These days vanilla is grown in the Caribbean, East Asia and Africa, but it originated in Mexico, where there is a particular insect which can pollinate the plant.  This morning, I visited a vanilla plantation here on Reunion. I heard local people referring to the plants as ‘green gold’  – which isn’t surprising when you think of all the money they represent. Good vanilla is always in great demand and the price at the moment is between £150 and £180 a kilo for top quality. In fact there’s been a problem with supplying customers recently, as storms have had a detrimental effect on the harvest  – all the more unfortunate, now the various diseases which used to decimate the crop have been eradicated.
I’m told that some of the earlier producers had their vanilla growing in the shelter of trees, but on modern plantations the plants are grown under nets , which can easily be removed when it’s time to harvest the vanilla seed pods, which are the valuable part of the plant. After three or four years of growth the first flowers appear, but they only bloom for a day – they need to be pollinated then, either naturally or artificially. Later on, the pods – they’re a kind of shell or case which holds the seeds – are harvested. The pickers often make small holes at one end of the pods, as a means of identifying their farm or plantation.  Any pods with black marks on them will probably be rejected at this stage. Healthy-looking pods are dried outside in the sun, then they are boiled for about three minutes  – which surprised me rather – but if this isn’t done, the pods wil l open and all the seeds will be lost. So it’s a very important part of the process. Then the pods are put in boxes which have blankets wrapped round them to retain the heat . Materials like polystyrene have been experimented with, and found unsatisfactory apparently. Finally, when the pods have dried out enough, they’re put into new boxes, to allow their characteristic aroma to develop. I was allowed to open up one of these boxes – they’re really just like treasure
Interviewer: Today I’m talking to two young journalists -Angus Brown, a news reporter on a national daily, and Yolanda Zouche, a features writer on a London evening paper. You’re both not only successful in your careers, but enthusiastic about them too. What would you say is the most challenging aspect of your work. Yolanda?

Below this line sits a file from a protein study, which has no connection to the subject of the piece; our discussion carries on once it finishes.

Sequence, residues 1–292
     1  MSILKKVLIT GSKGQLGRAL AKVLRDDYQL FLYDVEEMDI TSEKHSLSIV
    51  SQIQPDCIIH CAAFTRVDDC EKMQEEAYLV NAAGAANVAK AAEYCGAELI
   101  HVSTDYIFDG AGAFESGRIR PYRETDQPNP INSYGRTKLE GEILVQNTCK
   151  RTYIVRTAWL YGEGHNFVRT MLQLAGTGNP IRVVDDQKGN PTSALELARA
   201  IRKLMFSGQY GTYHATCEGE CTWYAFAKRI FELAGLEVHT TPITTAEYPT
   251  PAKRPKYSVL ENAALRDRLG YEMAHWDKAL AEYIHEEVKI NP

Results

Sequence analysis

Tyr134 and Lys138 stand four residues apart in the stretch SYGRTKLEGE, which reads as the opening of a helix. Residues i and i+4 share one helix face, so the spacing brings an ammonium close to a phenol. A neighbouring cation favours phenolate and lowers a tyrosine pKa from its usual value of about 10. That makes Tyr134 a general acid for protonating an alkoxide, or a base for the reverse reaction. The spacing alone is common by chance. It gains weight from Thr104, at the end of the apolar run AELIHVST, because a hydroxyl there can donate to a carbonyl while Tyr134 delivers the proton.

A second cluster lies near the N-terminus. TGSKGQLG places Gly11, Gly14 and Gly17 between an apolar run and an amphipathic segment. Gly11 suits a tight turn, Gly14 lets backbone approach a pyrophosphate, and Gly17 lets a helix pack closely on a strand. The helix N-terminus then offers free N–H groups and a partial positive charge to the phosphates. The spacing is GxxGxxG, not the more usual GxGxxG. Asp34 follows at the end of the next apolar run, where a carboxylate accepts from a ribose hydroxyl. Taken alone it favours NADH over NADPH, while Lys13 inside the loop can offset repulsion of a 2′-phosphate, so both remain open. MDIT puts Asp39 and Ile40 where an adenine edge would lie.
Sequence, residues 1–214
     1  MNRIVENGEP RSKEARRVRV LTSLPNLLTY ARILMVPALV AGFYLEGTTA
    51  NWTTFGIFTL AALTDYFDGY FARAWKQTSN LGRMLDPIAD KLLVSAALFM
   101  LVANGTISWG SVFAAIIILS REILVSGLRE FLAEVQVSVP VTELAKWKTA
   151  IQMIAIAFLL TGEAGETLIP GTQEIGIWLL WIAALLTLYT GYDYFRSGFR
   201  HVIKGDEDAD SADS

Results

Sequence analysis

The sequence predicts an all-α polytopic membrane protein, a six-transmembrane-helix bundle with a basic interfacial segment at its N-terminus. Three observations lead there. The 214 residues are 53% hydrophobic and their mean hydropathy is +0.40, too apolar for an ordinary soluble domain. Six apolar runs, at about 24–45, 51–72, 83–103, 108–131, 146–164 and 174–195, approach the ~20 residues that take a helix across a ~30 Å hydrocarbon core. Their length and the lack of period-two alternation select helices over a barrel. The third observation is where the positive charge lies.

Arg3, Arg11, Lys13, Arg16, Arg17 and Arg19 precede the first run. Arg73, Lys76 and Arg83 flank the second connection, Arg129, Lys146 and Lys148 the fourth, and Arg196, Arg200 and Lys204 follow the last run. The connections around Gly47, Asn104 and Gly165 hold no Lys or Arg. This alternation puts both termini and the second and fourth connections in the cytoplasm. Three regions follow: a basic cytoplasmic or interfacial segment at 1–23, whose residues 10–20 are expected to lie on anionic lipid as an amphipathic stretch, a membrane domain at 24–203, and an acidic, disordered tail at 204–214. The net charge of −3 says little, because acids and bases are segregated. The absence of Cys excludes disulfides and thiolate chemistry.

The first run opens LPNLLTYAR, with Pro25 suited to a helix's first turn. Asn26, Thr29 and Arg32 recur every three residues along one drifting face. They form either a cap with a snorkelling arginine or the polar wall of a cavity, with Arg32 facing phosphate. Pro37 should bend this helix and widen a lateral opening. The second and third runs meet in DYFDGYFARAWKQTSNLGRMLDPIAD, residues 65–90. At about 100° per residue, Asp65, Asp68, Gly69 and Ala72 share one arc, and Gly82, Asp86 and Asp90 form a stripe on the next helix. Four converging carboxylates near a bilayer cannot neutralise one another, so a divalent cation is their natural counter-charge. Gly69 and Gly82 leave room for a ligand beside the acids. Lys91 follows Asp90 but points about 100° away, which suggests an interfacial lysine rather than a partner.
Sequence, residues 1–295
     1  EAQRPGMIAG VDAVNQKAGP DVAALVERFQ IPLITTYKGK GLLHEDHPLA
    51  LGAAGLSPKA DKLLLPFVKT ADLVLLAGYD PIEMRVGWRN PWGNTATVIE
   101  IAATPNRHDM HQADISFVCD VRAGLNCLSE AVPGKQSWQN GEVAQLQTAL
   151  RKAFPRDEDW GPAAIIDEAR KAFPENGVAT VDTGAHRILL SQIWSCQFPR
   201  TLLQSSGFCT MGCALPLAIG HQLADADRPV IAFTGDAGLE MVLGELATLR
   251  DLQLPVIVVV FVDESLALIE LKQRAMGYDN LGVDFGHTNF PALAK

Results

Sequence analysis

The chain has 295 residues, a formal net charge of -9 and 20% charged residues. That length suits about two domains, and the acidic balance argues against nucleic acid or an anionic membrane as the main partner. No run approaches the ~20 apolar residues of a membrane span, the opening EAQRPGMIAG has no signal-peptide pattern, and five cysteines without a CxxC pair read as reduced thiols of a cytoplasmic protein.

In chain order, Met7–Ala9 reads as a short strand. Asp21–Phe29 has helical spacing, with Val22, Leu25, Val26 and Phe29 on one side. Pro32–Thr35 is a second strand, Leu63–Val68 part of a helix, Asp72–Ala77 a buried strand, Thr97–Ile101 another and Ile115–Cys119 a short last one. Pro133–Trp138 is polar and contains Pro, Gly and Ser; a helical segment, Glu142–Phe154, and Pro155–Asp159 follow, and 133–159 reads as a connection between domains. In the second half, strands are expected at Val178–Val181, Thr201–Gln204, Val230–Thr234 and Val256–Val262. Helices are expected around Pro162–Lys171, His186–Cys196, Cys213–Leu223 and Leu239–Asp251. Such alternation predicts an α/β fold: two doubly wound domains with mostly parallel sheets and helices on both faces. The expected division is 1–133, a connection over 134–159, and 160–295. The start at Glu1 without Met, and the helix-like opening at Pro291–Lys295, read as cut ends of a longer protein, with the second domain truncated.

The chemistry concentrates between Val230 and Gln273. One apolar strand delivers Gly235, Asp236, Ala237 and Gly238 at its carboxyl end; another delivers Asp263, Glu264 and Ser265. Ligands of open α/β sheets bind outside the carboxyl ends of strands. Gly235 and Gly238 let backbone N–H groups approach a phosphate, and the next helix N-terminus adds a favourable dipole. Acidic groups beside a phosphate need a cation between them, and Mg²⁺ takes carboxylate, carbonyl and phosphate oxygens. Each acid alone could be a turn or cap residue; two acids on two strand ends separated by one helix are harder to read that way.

Yolanda: I’m tempted to say nothing really- I like it all, some things more, some less. Our features are a mix of things that have been thought of and researched and written in advance, and more urgent, topical pieces with a quick turnaround. I’m sometimes sent out on a story that’s needed for the next day. It’s pretty scary when you know you’ve got just a few hours  – and it can involve finding people whose addresses you don’t know. That’s the same with any story, of course. You’ll have to think up ideas for pictures to go with it and, write your piece to a fixed word count – but you soon find yourself doing this automatically.
Interviewer: And what do you both enjoy about your work?
Yolanda: Well, I suppose I’m quite a nosy kind of person, so I love digging out stories that haven’t been reported – I’ll go from interviewing a singer about a forthcoming tour to investigating some crime, all in one day perhaps.  I’d be bored otherwise, I think, and then it’s all got to be presented in a way that will make people want to read it.
Interviewer: And you, Angus?
Angus: There’s no way I could describe ‘my typical working day’ – that’s the sort of question people often ask. And that’s really why I enjoy it so much I suppose – so many fascinating people to talk to, and so much to learn. 
Interviewer: Like several other papers nowadays, Angus, yours has an online version. What do you think is the greatest significance of the change to digital?
Angus: It’s completely altered the way we think about the news. Things move so very quickly, and we really do need to stay receptive to all the opportunities the medium has opened up. I think maybe more people are better informed these days. We’ve certainly become a rolling news operation – I can now file a story as soon as it breaks, early and then update digitally as I find out more.  And if I get anything wrong, people are all too quick to point this out on social media.
Interviewer: Finding a job is not easy for anyone – what was it like for you Angus?
Angus: It certainly wasn’t easy. People continually told me that print journalism was dead, and there was no money in it, but in fact I had to beat 1,800 applicants to get on the graduate scheme.  Before that I’d been on a couple of temporary work experience placements with a local paper – you can do these to get a taster of the work, but there’s no salary… I managed financially because I was doing some part-time teaching at the same time. You really need some sort of support network of people with influence too – luckily the work experience provided that.